Raising the minimum wage can reduce recidivism rates for the formerly incarcerated, who may otherwise be tempted to return to higher paying criminal activities such as property theft and drug offenses rather that join the labor market, according to a new study.
Researchers analyzing data on nearly six million prisoners in state-run facilities from 2000 to 2014, found that an eight percent increase in minimum wage leads to a two percent decrease in prisoner re-entry rates.
Moreover, for every one dollar increase in minimum wage, there is a four percent decrease in recidivism, said the authors of the study—Amanda Y. Agan, an assistant professor of economics at Rutgers University, and Michael D. Makowsky, an assistant professor of economics at Clemson University—who used data from the National Corrections Reporting Program and the Bureau of Justice Statistics on prison admissions and releases to compile their results.
Citing studies that show recently released prisoners “tend to have lower human capital and interrupted work histories,” Agan and Makowski argued that their findings suggest the need for a broader approach to wage policies in the low-skilled labor market, where a majority of the formerly incarcerated would likely find employment.
“Understanding how (low-wage labor market policies) impact released prisoners can help us understand the mechanisms underlying recidivism and aid in breaking the revolving door of prison,” they wrote.
They added: “Rather than assume legal employment is the dominant option, we model the decision as a choice between legal and illegal activities.”
Notably, they found, higher minimum wages for formerly incarcerated men and women without a high school diploma can lead to even lower rates of recidivism.
Every dollar that an individual without a diploma makes leads to a seven percent decrease in re-entry, the researchers wrote.
“For other participants in the low-skill labor market (non-criminals), the next best alternative to legal employment [could be] leisure or school; the prospect of a higher minimum wage making employment more attractive is a private outcome with little consequences,” the study said.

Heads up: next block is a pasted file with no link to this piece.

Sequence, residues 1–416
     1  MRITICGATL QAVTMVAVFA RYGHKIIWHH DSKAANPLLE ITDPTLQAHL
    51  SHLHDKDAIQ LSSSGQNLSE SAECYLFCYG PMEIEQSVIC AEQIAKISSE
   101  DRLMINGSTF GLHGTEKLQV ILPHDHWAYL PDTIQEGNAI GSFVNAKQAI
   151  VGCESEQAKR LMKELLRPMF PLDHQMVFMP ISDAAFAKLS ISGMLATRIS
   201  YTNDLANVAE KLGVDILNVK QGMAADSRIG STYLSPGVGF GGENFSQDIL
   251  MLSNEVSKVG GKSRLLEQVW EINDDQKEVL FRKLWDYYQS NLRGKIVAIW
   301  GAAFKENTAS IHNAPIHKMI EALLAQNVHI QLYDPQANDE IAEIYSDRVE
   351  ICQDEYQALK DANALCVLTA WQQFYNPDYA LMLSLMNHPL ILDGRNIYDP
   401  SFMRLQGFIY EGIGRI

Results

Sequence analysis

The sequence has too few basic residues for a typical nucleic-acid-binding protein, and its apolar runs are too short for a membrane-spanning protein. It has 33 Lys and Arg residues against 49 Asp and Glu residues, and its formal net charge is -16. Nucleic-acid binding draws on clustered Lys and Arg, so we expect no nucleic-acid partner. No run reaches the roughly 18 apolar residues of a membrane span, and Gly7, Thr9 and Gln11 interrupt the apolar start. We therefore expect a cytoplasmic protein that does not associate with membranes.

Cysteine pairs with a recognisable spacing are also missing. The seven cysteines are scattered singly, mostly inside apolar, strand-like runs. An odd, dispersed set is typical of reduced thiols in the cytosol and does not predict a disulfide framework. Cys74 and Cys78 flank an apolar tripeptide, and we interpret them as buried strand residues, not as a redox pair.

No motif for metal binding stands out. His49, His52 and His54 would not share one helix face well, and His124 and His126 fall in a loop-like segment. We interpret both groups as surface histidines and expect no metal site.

“But for released prisoners, on the other hand, their next best alternative to legal employment may instead be criminal behavior.”
Generally, formerly incarcerated individuals face stigmas about their criminal activity, making it difficult to find work. As of 2016, there were 6,392 separate state restrictions on employment eligibility for those with felony records.
While the study found that increased wages led ex-offenders to commit fewer income generating crimes, they acknowledged that increasing the minimum wage had no significant effect on other crimes, such as ‘crimes of passion.’
The authors said their research was also not applicable to parole violations.
“Higher minimum wage in terms of reducing recidivism only applies to new crimes the offender may commit, not violations of his/her parole,” they wrote.
For women, access to state Earned Income Tax Credits (EITC) was also associated with lower re-entry rates.
A one percent standard deviation increase in state EITC corresponds to a six percent reduction in recidivism for women, their results showed.
“For recently released prisoners, the minimum wage and availability of EITC can influence both their ability to find employment and their potential legal wages relative to illegal sources of income, in turn affecting the probability they return to prison,” Makowsky and Agan concluded.
This is only applicable to women though, because of the availability of EITC to single mothers, they noted.
The above study is a working paper, and can be downloaded for purchase here, or by contacting the authors directly. Journalists who wish to receive a free copy should contact firstname.lastname@example.org. This summary was prepared by TCR staffer Megan Hadley. Readers’ comments are welcome.